BY DAISY MURRAY 13/11/2018
After consistent pressure from activist groups and consumers alike for over a decade, industry giant fashion houses have taken the steps to become fur-free. Whilst some, such as Stella McCartney, have had a cruelty-free mandate from the beginning, others, like DKNY, have been harder to convince.
With Jean Paul Gaultier and Michael Kors joining the fur-free fight, we’ve rounded up every fashion house and designer that’s going faux.
In 1994 Calvin Klein became fur free, citing ‘my own reflections on the humane treatment of animals’ and ‘the fact that the fur segment of our business simply did not fit with our corporate philosophy any longer’ as the reasons.
From the brand’s 2001 conception, it has been entirely fur and leather free.
A year prior to Westwood’s pledge Ralph Lauren went fur free in 2006. As well as this, the brand decided to donate 1,200 fur items already created to international relief initiatives.
Something of a pioneer, Westwood stopped her eponymous brand using the material in 2007.
Similarly in 2007, Hilfiger, who largely used fur for collar and cuff detailing, announced the end of using the material.
The statement at the time read, ‘Starting immediately, the company will cease development of any product containing fur, and any fur garment already in production will be phased out of sales channels by the delivery of the spring 2008 collection.’
The brand promised to stop using fur by AW16 after talking with The Human Society of the United States.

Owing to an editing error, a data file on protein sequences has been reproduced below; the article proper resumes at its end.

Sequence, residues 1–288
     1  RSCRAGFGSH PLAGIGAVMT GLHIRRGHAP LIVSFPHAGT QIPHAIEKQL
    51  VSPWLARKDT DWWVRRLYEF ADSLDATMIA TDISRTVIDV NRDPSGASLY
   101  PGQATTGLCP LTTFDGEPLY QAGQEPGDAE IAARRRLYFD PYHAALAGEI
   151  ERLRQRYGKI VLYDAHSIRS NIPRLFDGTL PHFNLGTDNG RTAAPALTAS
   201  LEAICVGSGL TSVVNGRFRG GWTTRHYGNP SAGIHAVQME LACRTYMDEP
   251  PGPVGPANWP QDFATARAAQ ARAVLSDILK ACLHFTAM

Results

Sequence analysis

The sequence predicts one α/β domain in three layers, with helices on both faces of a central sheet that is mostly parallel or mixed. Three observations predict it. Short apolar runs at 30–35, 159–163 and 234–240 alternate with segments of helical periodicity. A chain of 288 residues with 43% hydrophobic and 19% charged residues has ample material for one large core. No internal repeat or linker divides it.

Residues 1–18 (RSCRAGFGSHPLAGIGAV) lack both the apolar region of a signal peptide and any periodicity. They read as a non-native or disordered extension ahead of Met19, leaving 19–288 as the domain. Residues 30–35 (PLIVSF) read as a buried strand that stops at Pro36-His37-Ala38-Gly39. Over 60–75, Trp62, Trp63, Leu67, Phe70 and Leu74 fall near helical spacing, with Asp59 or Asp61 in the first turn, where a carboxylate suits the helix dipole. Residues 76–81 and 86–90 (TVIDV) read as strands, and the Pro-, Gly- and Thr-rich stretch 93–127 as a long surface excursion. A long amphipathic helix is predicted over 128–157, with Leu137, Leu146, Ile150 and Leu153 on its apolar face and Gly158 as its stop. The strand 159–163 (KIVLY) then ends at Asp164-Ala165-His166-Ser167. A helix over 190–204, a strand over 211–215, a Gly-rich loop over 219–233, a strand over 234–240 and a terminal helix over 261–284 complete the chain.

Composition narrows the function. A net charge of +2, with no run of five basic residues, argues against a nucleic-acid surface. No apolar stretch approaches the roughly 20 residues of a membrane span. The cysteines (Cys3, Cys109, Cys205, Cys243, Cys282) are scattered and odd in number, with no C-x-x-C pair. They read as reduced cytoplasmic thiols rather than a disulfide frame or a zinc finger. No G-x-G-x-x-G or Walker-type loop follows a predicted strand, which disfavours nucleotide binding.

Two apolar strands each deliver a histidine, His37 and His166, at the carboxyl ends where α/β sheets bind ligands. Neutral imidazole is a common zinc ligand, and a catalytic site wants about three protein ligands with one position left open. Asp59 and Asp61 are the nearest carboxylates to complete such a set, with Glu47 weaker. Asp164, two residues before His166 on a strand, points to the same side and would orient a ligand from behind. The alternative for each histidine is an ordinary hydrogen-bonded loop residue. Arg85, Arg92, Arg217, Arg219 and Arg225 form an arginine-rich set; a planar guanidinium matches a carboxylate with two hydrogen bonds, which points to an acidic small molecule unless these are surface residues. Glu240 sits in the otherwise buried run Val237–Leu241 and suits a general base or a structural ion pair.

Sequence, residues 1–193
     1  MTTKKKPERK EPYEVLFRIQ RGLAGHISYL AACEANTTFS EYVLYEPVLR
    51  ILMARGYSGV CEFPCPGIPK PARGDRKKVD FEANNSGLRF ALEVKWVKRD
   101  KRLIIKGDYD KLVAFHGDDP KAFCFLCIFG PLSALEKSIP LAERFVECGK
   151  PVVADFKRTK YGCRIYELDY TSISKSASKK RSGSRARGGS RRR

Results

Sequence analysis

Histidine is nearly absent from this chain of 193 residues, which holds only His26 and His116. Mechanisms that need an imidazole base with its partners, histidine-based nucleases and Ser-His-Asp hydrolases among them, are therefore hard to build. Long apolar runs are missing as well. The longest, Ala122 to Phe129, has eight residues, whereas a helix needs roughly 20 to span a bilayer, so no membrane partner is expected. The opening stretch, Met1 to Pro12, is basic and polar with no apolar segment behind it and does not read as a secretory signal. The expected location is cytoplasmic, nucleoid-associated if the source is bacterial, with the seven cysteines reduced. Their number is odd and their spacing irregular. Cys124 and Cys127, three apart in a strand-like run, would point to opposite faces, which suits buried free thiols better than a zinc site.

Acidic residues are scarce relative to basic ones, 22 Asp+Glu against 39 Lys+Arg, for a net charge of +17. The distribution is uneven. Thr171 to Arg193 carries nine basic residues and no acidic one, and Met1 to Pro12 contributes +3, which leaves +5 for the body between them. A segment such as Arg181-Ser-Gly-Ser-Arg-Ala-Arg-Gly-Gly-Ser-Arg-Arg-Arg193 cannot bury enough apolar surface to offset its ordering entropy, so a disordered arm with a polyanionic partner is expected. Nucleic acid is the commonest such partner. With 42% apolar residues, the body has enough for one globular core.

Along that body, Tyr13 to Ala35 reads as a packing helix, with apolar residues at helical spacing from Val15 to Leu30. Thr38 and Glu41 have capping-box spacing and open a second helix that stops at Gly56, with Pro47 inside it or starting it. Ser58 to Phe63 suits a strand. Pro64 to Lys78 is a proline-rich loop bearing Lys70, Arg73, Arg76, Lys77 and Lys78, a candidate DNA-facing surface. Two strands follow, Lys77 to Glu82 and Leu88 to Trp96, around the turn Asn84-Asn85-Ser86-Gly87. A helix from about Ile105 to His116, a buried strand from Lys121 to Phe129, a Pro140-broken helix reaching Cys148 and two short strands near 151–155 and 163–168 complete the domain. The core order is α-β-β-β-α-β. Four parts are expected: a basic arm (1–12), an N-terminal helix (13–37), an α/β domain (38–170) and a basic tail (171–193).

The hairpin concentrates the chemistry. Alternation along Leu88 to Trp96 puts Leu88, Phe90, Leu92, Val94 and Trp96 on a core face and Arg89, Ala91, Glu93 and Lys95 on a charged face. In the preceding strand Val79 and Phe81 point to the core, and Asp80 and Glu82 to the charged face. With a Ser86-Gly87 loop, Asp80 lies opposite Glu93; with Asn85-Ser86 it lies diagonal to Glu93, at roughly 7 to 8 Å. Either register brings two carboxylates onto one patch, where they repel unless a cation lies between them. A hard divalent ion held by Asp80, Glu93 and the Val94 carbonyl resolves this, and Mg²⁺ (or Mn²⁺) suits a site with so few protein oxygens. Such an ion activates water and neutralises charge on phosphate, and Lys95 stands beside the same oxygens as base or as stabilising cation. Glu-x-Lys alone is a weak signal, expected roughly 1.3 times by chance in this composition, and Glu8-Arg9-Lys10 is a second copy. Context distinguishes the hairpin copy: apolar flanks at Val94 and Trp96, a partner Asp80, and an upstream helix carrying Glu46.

Alongside Hugo Boss, Armani (and all the labels un the Armani Group) went fur free by 2016.
A statement to WWD read, ‘Technological progress made over the years allows us to have valid alternatives at our disposition that render the use of cruel practices unnecessary as regards animals. Pursuing the positive process undertaken long ago, my company is now taking a major step ahead, reflecting our attention to the critical issues of protecting and caring for the environment and animals.’
Michael Kors announced in 2017 that his brand will be fur free by the end of 2018, ‘Due to technological advances in fabrications, we now have the ability to create a luxe aesthetic using non-animal fur.’
In 2017 Gucci similarly announced they would stop using fur for the SS18 collections.
Under John Galliano’s rule, the brand committed to being fur-free in April of 2018 after he had a chance encounter with PETA’s senior vice president Dan Mathews.
Donna Karan announced in March of this year that DKNY will become cruelty free by 2019.
Also phasing out fur by 2019 is Versace. Donatella told 1843 of her decision, ‘Fur? I am out of that. I don’t want to kill animals to make fashion. It doesn’t feel right.’
Diane Von Furstenburg
In October of 2018 DVF revealed they too would joining Versace and others in committing to a fur-free production line by 2019.
‘I am so excited that technology has provided us a way to feel as glamorous with faux fur,’Diane von Furstenberg said in a press release.
‘It’s time for us to make this change and accept responsibility to ensure that we don’t promote killing animals for the sake of fashion,’ DVF’s CEO Sandra Campos wrote. ‘We are committed to supporting the shift to a more ethical and sustainable fashion industry by providing the consumer with innovative and sophisticated alternatives.’
In the same month Coach announced their own plans to ditch the animal by-product.
Jean Paul Gaultier
Live on French television, Jean Paul Gaultier himself announced his eponymous brand will be ditching fur, due to his belief that the way animals are killed for their fur is ‘absolutely deplorable’.
Lauren Wills | Nov 11, 2018 Luxury fashion designer Jean Paul Gaultier says he will ditch fur, deeming the animal fur industry “absolutely deplorable.” Announcing the news on French television last night, the haute couture and prêt-à-porter designer promised to ditch fur from all collections from this point onwards. The decision follows years of campaigning by animal...
January 8, 2019 10:49 PM by Madeline Fass We don’t have to tell you faux fur is no longer just a trend. A fluffy coat has become something of a winter staple: It’s practical (read: warm) yet fun and statement-making, too. It’s the best of both worlds. Even just a touch of fluff in the...